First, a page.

Local Bird Update, June 7th. Post and photos by Dennis Plank
Dennis has been getting his knees muddy and his back sore pulling Scot’s Broom on the South Sound Prairies since 1998. In 2004, when the volunteers started managing Prairie Appreciation Day, he made the mistake of sending an email asking for “lessons learned” and got elected president of Friends of Puget Prairies-a title he appropriately renamed as “Chief Cat Herder”. He has now turned that over to Gail Trotter. Along the way, he has worked with a large number of very knowledgeable people and picked up a few things about the prairie ecosystem. He loves to photograph birds and flowers.
Local Bird Update, June 7th
It’s been quite some time since I gave the status of the birds that inhabit the prairies of the South Sound and I certainly don’t know what’s going on with all of them, but I can cover some of the more local ones that we see more or less regularly.
The pair of Western Bluebirds that nested in a box on our property fledged their first brood on May 23rd. We watched one come out and a second kept everyone in suspense until we gave up. However, they were all out the next morning. We’re not positive, but they fledged either 3 or 4 young which are now coming in with the adults, but still being fed by them. That won’t last long as the adult female has been carrying new nesting material to the box for the last three days.
Evening Grosbeaks showed up that same day in a group of about half a dozen and one pair seems to have stayed on. There are also two male Black-headed Grosbeaks coming to our feeder station and at least one female-I suspect there are two of those as well, but haven’t seen them together.
Cedar Waxwings have been popping in now and then to take a quick bath. I had one in point blank range of my camera a few days ago and then through a glitch managed to accidentally delete the files before I downloaded them.
Earlier this spring, there was a pair of Violet-Green Swallows that had obviously claimed one of the boxes in the back yard, but weren’t ready to actually start raising a brood yet. As nearly as we can figure out, when the swallows were out foraging one afternoon a pair of Black-Capped Chickadees discovered the box and liked its looks even though it’s huge for them. For awhile it was completely confusing with both species perching on top and going in and out of the box. Eventually, the Chickadees seem to have prevailed and have raised a brood (my wife saw an adult feeding a fledgling) and are working on their second. Hopefully the swallows found another box as there were several still available.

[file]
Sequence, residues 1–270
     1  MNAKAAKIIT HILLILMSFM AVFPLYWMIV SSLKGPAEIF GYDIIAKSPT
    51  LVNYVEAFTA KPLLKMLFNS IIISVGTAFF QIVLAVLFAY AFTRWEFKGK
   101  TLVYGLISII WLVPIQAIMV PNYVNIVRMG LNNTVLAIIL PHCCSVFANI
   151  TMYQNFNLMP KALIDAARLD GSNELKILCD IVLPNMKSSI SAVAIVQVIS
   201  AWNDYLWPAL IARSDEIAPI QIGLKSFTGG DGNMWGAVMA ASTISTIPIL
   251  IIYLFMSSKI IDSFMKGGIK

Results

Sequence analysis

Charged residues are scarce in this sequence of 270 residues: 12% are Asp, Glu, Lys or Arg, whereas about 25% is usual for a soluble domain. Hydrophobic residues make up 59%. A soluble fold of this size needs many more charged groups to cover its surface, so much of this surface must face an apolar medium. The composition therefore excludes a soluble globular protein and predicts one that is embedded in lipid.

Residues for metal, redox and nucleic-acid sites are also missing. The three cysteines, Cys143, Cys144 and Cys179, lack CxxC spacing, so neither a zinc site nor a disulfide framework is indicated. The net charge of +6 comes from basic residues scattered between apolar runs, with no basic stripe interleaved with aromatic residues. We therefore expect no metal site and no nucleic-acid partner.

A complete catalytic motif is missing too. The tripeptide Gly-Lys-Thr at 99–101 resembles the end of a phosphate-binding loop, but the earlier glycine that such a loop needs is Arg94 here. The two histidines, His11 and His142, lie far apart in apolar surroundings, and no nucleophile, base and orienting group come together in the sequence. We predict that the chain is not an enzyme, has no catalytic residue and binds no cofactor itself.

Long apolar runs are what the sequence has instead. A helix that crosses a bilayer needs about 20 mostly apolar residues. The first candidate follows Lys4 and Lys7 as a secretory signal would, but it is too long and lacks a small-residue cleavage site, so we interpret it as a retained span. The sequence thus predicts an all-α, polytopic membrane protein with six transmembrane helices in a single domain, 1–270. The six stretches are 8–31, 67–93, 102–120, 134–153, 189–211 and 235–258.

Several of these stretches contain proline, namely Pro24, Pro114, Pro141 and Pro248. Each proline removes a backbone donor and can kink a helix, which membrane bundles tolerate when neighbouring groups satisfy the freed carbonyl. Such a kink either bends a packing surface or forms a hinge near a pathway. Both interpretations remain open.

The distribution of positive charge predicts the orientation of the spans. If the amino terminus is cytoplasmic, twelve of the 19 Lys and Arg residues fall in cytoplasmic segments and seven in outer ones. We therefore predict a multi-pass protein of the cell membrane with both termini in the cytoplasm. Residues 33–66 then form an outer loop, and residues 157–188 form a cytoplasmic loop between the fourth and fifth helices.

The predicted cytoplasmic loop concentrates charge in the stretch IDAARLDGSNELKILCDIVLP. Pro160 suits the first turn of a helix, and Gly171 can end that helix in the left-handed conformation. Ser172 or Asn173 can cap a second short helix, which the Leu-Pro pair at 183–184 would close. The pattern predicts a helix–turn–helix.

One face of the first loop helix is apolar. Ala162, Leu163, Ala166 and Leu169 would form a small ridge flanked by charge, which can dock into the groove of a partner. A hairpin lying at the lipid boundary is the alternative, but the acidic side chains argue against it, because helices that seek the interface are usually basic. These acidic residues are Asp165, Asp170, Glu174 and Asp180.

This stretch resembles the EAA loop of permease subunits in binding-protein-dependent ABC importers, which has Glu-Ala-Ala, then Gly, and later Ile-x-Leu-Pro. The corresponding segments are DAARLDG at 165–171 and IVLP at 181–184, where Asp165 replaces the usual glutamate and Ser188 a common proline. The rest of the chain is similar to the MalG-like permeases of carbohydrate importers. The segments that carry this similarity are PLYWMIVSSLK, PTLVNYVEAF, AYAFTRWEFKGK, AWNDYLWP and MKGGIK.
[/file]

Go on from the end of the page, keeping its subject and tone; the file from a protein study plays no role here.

Some of the Tree Swallows have already fledged and there’s a box in front of the house with young sticking their heads out, so it won’t be long for them. Though the books say tree swallows aren’t supposed to double clutch, most of ours appear to do so, though we don’t monitor them really closely and it is possible that it’s couples that lost their first brood.
Judging by the number of shell fragments on the ground, most of the Cliff Swallows in their colony on the end of our garage have hatched young some time ago and they will be starting to fledge before long. Interestingly, we have six nesting cups on the garage for them and I’d put cedar roofs over a couple of them because they seemed to like a close overhead save mud. This year we have seven pairs because one built their nest on the roof of another.
The American Goldfinches are here in force and we’ve started seeing mobs of males chasing females around, so it looks like they’ll be settling down fairly soon. They’re later to breed than most of the songbirds as they don’t feed their young on insects but Goldfinches feed theirs a strict diet of regurgitated seeds, so they have to wait until sufficient seeds are available.. We have a partially leucistic male this year and it seems like a lot of the females are more grayish than normal, though I have no idea why that would happen.
The Purple Martins are starting to nest and lay eggs. At last count, one gourd had 5 eggs, another 3 and a singleton. The Martins are rather odd in that we have six gourds, but always seem to have more than 12 adults hanging around. This morning we counted 20 and there may have been more.
We’ve seen young Juncos and young Savannah Sparrow for the last week or so, but I hear Savannahs singing on territory, so they’re probably working on a second brood.
Our pair of Kestrels still seems to be doing fine, with regular visits from the male to bring food to the female. It’s been going on long enough that the chicks should be hatched by now and I’m expecting both adults to be foraging for the young pretty soon.
Further afield, with things opening up now, I’ve been able to go out on the Glacial Heritage Preserve a couple of times to pull Scotch Broom even though formal workdays haven’t resumed yet. While out there I’ve seen a Meadowlark fledgling and heard a number of males still singing on territory. I had the privilege of hearing one male singing unusually softly and going through his entire repertoire. It was a marvelous experience. When I told my wife, who is really into Meadowlarks, about it, she said it was a kind of contact song to his females to let them know he was about (and probably that he’d protect them from that ugly two-legged monster).